During the Chiefs’ trips to the BCHL finals four out of five years from 1999-2003, there was one player who was a fan favorite despite not putting huge numbers or being a high end star like Jeff Tambellini, Kevin Estrada, or David Van Der Gulik.
That player is the rough and tough Tyson Terry. He is one of only five players to play on the 2000 and 2002 Chiefs teams who went to the RBC Cup tournament.
I was able to catch up with Terry to talk about his time in Chilliwack, his college career and the path to becoming a coach.
Eric Clarke: You’re one of the few to play parts of all five of your junior years with one team. How would you describe your time in Chilliwack? And how have you implemented those experiences into your life today?
Tyson Terry: Wow, that’s a lot to digest. Being able to play my entire career in Chilliwack was an honour. I think everyone who was able to play in Chilliwack knew how special that place was. The ownership was heavily involved in making it a great place to play. Mr. Brew, Mr. Hassleman, and Mr. Keith all were actively involved owners who came to games and interacted with the players regularly.
We were part of a community that loved and supported us, and (Chiefs general manager and coach) Harvey (Smyl) made it about so much more than just being a hockey player. At the time you didn’t always understand the “why”, but it was about growing as people and men who would become dads, husbands, and coaches when hockey was over. I know I’m just one of so many who can say I’ll always be grateful to Harv for that.
EC: You are one of just five players to play on the Chiefs 2000 and 2002 teams who went to the Royal Bank Cup tournament. Can you talk about the success of those two squads?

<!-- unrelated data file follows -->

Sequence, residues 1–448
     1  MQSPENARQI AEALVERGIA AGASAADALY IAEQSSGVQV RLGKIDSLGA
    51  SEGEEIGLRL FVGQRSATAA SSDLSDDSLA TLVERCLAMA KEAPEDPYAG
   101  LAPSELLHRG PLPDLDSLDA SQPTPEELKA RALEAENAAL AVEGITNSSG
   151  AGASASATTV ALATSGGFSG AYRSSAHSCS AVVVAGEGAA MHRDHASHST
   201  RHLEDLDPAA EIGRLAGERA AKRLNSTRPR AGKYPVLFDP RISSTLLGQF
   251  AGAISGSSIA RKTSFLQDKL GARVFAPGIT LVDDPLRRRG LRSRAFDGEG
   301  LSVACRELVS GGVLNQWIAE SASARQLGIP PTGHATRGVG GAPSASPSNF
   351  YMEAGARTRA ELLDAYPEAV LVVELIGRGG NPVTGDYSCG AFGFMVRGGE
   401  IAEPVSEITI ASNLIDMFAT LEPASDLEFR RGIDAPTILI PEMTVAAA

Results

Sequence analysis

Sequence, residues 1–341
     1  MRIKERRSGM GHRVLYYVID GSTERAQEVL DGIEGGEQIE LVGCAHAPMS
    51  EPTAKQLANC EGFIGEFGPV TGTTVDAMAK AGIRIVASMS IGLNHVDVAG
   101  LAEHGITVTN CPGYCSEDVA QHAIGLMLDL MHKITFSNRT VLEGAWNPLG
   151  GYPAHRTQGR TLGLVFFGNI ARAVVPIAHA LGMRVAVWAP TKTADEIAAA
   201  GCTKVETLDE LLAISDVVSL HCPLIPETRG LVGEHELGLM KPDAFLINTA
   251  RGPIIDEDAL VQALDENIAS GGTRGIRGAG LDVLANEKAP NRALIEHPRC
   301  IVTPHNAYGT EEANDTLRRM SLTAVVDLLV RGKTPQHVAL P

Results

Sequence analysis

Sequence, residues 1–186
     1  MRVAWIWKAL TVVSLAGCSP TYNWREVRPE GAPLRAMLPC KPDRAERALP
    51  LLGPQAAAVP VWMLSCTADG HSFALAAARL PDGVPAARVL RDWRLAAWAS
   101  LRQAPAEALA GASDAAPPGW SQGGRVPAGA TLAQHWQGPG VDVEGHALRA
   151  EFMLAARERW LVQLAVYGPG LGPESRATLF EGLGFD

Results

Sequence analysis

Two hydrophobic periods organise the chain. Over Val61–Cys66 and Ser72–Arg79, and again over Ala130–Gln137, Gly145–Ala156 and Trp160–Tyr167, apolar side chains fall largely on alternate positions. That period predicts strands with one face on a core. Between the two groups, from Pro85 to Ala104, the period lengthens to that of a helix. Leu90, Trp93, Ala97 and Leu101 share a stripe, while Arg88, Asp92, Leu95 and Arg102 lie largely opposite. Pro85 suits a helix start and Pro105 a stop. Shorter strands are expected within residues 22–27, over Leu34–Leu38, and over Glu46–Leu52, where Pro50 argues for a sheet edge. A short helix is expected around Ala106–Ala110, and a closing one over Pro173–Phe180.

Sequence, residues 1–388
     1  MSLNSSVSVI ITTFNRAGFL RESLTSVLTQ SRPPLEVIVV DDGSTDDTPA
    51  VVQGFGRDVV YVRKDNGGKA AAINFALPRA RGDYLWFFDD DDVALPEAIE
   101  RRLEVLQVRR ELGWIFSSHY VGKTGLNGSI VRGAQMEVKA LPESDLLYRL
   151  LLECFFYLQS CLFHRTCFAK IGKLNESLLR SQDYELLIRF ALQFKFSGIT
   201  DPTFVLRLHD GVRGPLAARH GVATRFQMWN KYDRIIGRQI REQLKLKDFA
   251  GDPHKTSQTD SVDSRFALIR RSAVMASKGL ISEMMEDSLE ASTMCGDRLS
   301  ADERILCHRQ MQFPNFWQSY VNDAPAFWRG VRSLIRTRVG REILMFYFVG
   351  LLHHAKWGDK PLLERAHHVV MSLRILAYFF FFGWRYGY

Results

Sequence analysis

TT: There are just so many great memories. 2000 was a different experience simply because I was a young guy on the team and was just along for the ride. We had such a cool dynamic. No one expected us to be as successful as we were and I think the lack of pressure allowed us to just grind out every win.
Our top line – Jeremy Jackson, Nathan Martz, and Travis Banga – were so good all the time, and the depth we had was awesome. Tons of young guys played big roles on that team. Picking up Nathan Marsters was a huge move. He played so great for us down the stretch. Some great memories were Brad McFaul scoring to beat Nanaimo in, I think, triple OT in round one, after the illegal pad measurement fiasco. After that, things just came together. Winning in Vernon was a special memory, and playing Fort Mac in the Doyle Cup was some of the best hockey I’ve been a part of.
The 2002 team was different. After losing to Surrey the year before in the first round, there was a real sense of purpose that we had from day one. We returned a lot of players and brought in some incredible players like Adam Powell, Jeff Royston, and Ralph Vos. We had high expectations and honestly, delivered on those all year. That team was so close and so driven. We scored and scored, and guys like Bobby Henderson, Jeff Barlow, and Dan Mahe did not give an inch to anyone.
The “Chilliwack flu” was very real that season. I think we only lost two games at home all season. Gabe Gauthier, Jeff Tambellini, and David Van Der Gulik were so good all year, and our depth players like Shawn Germain, Brent McIsaac, and Mike Bickley were so steady and hard to play against. It’s not fair to not name every guy on that team because everyone brought so much to the table and filled whatever role we needed.